Piracy and Maritime Crime Still Proliferates in Some Regions as Attacks Continue
WORLDWIDE – In the race to be the holder of the unwanted title of the 'World's Worst Piracy Hotspot' it seems the Gulf of Guinea remains currently unchallenged. With approximately 95% of global kidnappings reported from within Gulf of Guinea waters, the latest ICC International Maritime Bureau (IMB) report this week confirms the grave situation for merchant vessels trading in the region.
This of course is not to say that other areas do not hold dangers for the ships and their crews sailing through them. Somalia for example, which held the abhorrent title for so long, still has the potential to impose misery on unprotected sailors but the continuing use of Best Management Practices, the physical protection of ships and the use of private security teams, plus of course the sterling work of EU Navfor (Operation Atalanta) and other national forces, has seen a vast reduction in maritime crime. No incidents of piracy have been reported around Somalia since 2018. In August 2020 pirates freed the last three of the thousands of hostages who have been held captive in the region over the years since ship hijackings peaked in 2011.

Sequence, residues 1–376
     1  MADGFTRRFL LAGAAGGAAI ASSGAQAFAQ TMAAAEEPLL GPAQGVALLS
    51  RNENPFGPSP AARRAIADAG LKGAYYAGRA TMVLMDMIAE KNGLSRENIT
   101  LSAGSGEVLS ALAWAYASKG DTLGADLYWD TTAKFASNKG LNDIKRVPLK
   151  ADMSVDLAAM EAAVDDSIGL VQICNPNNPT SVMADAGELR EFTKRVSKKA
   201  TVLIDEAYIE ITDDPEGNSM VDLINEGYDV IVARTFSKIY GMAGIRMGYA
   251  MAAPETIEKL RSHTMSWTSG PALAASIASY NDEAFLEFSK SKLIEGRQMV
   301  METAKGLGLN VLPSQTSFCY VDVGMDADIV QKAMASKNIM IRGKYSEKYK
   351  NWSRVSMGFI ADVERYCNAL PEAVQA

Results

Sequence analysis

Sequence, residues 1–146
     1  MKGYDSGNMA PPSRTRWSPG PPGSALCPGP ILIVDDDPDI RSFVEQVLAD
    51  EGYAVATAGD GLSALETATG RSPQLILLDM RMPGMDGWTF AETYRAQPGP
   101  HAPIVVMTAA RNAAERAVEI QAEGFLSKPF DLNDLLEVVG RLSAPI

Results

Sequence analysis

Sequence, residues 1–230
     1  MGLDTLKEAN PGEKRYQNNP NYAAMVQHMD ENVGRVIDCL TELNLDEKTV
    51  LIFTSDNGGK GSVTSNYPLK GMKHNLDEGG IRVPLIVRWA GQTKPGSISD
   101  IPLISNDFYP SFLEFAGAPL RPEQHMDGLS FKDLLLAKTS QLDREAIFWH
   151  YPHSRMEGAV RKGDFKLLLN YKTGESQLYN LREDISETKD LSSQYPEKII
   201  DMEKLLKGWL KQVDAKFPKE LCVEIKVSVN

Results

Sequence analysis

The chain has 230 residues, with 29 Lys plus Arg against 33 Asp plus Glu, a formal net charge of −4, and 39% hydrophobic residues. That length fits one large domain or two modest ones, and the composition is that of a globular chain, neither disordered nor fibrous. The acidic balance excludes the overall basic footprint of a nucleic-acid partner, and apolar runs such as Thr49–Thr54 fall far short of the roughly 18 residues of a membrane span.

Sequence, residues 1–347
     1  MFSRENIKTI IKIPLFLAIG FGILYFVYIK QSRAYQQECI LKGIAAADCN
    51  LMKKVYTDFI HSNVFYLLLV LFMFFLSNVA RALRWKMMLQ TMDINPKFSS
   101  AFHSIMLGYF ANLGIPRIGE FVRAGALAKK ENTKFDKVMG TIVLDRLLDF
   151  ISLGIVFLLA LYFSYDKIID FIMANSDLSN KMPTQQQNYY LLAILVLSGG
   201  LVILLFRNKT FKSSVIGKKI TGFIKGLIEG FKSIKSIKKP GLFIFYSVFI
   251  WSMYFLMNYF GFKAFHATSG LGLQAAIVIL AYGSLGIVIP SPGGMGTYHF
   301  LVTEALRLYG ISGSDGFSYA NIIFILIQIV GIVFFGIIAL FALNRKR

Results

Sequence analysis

IMB’s latest global piracy report details 132 attacks since the start of 2020, up from 119 incidents in the same period last year. Of the 85 seafarers kidnapped from their vessels and held for ransom, 80 were taken in the Gulf of Guinea, in 14 attacks reported off Nigeria, Benin, Gabon, Equatorial Guinea and Ghana. The furthest attack from shore also involved ....